Opinion: Time to rebuild the snowboard team


Alex Schoff, Editor

Snowboarders have long gotten a bad rap. People have a stereotype in mind of the classic snowboarder: a rude, baggy clothes-wearing, stoner kid. Not only is this not true but it has lead people who are not in the community to take advantage of us, and I believe I’m speaking for many in our community when I say, enough.

When I was looking at Sierra Nevada College as a prospective student, my dad and I met with Chris DeLeon, the athletic director. In that meeting Chris talked about how SNC was winter sports oriented, and that the ski and snowboard teams were a high priority. When I arrived for my first semester, I quickly learned this wasn’t the truth. In my first semester the snowboard team was left in the dark about who the coach would be, and it was left up to students to figure out how to get our passes by the opening day at Boreal Mountain. As the season progressed things got better. We never had practices, but we were also the only school to show up to the events, so it all worked out. At the United States College Ski and Snowboard Association (USCSA) nationals SNC placed second overall, a very impressive team performance. Once the team got back, the coach at the time, Freddy McCarthy, had had enough and quit.

“It seemed like favoritism has been a part of the athletic department for a while now,” McCarthy said. “When the athletic director is also an acting coach for a team, it seems impossible for them not to put their team first.”

Many students on the snowboard team feel the same way. They feel as if the team is cared about less than other sports teams. When the lacrosse team lost their coach, it was huge news. People scrambled to figure out what would happen, and the school was concerned. However, this year is the second season in a row the school year has started with no snowboard coach. Nobody knew what was going to happen with the team and the whole group was working together to figure out what to do, with little word from the athletic department.

“There was never any idea what was going on,” Ben Hojnoski, an SNC junior and member of the snowboard team, said. “Pretty much the whole team was kept in the dark until there was a final decision.”

I don’t know why but it just feels as if the snowboard team is considered less valuable than we should be. We have great competition results and great ideas for the team, but our results aren’t recognized and our ideas aren’t heard. If we sent a few student athletes to the United States of America Snowboard and Ski Association (USASA) nationals where there are students of all ages and set up a booth, like the ski team does, then we would be able to potentially recruit new students. Instead, we only attend USCSA, where everyone the team sees is already attending a different college.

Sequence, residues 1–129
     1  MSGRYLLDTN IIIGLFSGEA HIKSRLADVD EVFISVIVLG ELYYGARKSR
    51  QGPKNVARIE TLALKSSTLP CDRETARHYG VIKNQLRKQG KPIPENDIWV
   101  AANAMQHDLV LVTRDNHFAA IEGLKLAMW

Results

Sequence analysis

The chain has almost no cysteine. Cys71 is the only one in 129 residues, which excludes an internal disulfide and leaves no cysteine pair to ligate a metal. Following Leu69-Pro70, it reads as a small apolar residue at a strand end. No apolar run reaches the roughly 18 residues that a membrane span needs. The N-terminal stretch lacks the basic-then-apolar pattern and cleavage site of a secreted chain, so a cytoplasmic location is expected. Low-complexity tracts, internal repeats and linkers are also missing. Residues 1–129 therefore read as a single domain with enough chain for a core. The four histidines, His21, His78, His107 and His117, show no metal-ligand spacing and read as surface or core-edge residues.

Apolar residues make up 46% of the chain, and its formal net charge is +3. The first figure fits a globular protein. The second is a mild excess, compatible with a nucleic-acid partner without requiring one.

“I think the biggest lack of care was not giving the snowboard and freeski teams someone who was solely dedicated to that team like what the other teams have,” McCarthy said. “That has resulted in a huge lack of recruiting and then a huge amount of budget loss which leads to the teams not having the resources they deserve, and not having someone to advocate for them properly.”

This is not right. People generally don’t come to the mountains of Tahoe to play soccer or lacrosse, they come because it’s a winter sports wonderland. If SNC was able to capitalize on that instead of forcing sports that people didn’t even know were an option here, then SNC could increase the number of new students and keep the ones it has now happy. Some of the best snowboarders in the world have come through these doors. Both Tommy Gesme and Brady Lem went to SNC for a semester before dropping out to actually become something in the snowboard industry. If SNC treated its snowboard team better, it wouldn’t have kids dropping out to make it on their own, they would have all the re- sources they need right here at the school.

SNC wasn’t always like this. It used to put time and money into the program because they knew the investment would pay off. I was talking to my old snow- board coach, Emily Shore, who is an SNC alumna who was on the snowboard team in its heyday. She used to compete in the Revolution Tour, a high-level amateur snowboarding event with multiple venues around the country. According to Emily it was “fully paid for everything, all my entry fees and travel.”

This school has the ability to be as good as it once was. But it has to change its strategy and start focusing on the people who were going to come here for winter sports, instead of going out and recruiting soccer and lacrosse players from towns that have never seen snow.

“No matter who they market to, SNC will always be a snowboard and ski college at heart,” McCarthy said. “Hopefully they realize this soon and prioritize the ski and snowboard teams to become the power- house that it once was.”

Alex Schoff is an SNC sophomore and a member of the SNC Men’s Snowboard team.